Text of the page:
First, the positive. It has been heartening to see the emergence of data sites like Worldometer and The Verge, which have promoted interest and attention in data-driven analysis of the COVID-19 outbreak. It’s also been encouraging to see “data science-y” phrases, such as “flattening the curve,” become part of our everyday language. (View the Data Literacy Project video on the topic.) News organizations, too, have been publishing useful comparison charts and graphs of the outbreak, examining the outbreak across countries and looking at how COVID-19 relates to other virus breakouts and conventional causes of death.
All of these developments are useful in forming a baseline understanding of how we process this outbreak. My favorite graph is one by 91-DIVOC (below), which has been published by many news outlets. Graphs like these are getting the public grounded in evaluating the risk of COVID-19 exposure and understanding its global prevalence.
Image Credit: 91-DIVOC
But, the news is not all good.
What I have noticed, with some concern, is how difficult it has been for the
media to convey (what should be) a simple metric: What is the mortality
rate of COVID-19? A recent New
York Times article attempted to explain why this has been such a challenge,
noting varying population densities and inconsistencies in public health
reporting practices as contributing to the confusion. Although the article implies
that many factors conspire to make a definitive answer unknowable (at least in
the short term), I found some charts in the media that nevertheless tried to
provide an answer. To be clear, this is not an exercise in picking apart any
organization’s presentation of data, so much as it is an attempt to point out
how we can improve our ability to interpret charts rigorously and critically.
Image Credit: The New York Times
The New York Times published this chart (above) in a February 28 article, indicating that the projected fatality rate of the virus would be “below 3%.” Note the early date of the article. This analysis, it would seem, relied on limited data supplied by the Chinese government. Also, note the lack of specific sources (i.e., “many estimates”) and that the Y-axis is a logarithmic scale, which provides a visual that people could misinterpret if they don’t read the chart closely.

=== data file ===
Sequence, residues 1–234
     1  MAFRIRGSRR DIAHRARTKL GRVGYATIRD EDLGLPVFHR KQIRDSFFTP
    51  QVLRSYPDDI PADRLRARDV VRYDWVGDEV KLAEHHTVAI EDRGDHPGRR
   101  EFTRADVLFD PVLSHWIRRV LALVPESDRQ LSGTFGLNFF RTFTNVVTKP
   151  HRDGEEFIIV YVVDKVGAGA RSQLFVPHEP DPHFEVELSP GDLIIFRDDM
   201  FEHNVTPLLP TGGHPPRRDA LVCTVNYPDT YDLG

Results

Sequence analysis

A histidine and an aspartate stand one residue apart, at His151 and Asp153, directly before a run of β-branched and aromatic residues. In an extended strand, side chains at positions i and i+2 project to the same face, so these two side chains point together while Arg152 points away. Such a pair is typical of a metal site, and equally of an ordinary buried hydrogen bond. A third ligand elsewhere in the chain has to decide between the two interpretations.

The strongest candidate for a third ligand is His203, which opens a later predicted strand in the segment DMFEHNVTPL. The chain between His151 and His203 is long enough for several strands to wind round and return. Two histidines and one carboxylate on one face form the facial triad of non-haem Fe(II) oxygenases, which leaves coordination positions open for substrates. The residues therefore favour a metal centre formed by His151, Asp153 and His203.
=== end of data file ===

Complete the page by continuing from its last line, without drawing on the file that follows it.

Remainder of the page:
Image Credit: MPR NEWS
On March 11, MPR News provided this assessment (above). It’s helpful that this chart does not use a logarithmic scale, but note the figure of 1.4% sourced from, among others, the World Health Organization (WHO). This figure can be confusing, as it appears to conflict with what the WHO states in one of its COVID-19 situation reports published March 6. Here is a quote: “Mortality for COVID-19 appears higher than for influenza, especially seasonal influenza. While the true mortality of COVID-19 will take some time to fully understand, the data we have so far indicate that the crude mortality ratio (the number of reported deaths divided by the reported cases) is between 3-4% [...].” Again, I don’t fault any particular organization. Rather, I would like to ask that readers attempt to challenge what is being presented to them.
Image Credit: Worldometer; note this chart is updated frequently
Now, take this chart (above) from Worldometer related to daily new cases of the virus in Iran. How should we interpret this? It looks like there have been three ebbs in new virus cases, only to be followed by two spikes. Does this mean that we should expect a new surge? Is our “flatten the curve” bias causing us to believe that there is a retreat in new virus cases when the evidence does not support this? Consider these, along with other assumptions we may have about the virus, such as its ability to mutate, our susceptibility to contract the same or a mutated strain of the virus, or the influence of the warmer months and varying pandemic response strategies.
In short, how data is presented can be confusing, and we must be wary about letting our eyes and our preconceptions from getting the better of us. As champions of data literacy and analytics, we need to help in every way possible inside our communities and across our physical and virtual world to make sound policy decisions based on a collective understanding of the situation uninfluenced by political ideology or our gut feelings. The process, which I’ve outlined in six steps below in question form, should look familiar to anyone who has worked in data before.
- What are the core definitions of data that we care about?
- What are the definitions of our common measures and KPIs?
- What are our assumptions about the data?
- What are the clear policy priorities that we wish to enable?
- What statistical models fit most closely with what we are experiencing?
- What should we do?
Following these steps is essential to making appropriate recommendations. While many of us may feel tempted to immediately jump to step six, let’s remember that we first must have a clear understanding of the situation before we can act – and that can only happen if we act as data literate citizens.
Click here to learn more about how Qlik defines data literacy and why it matters.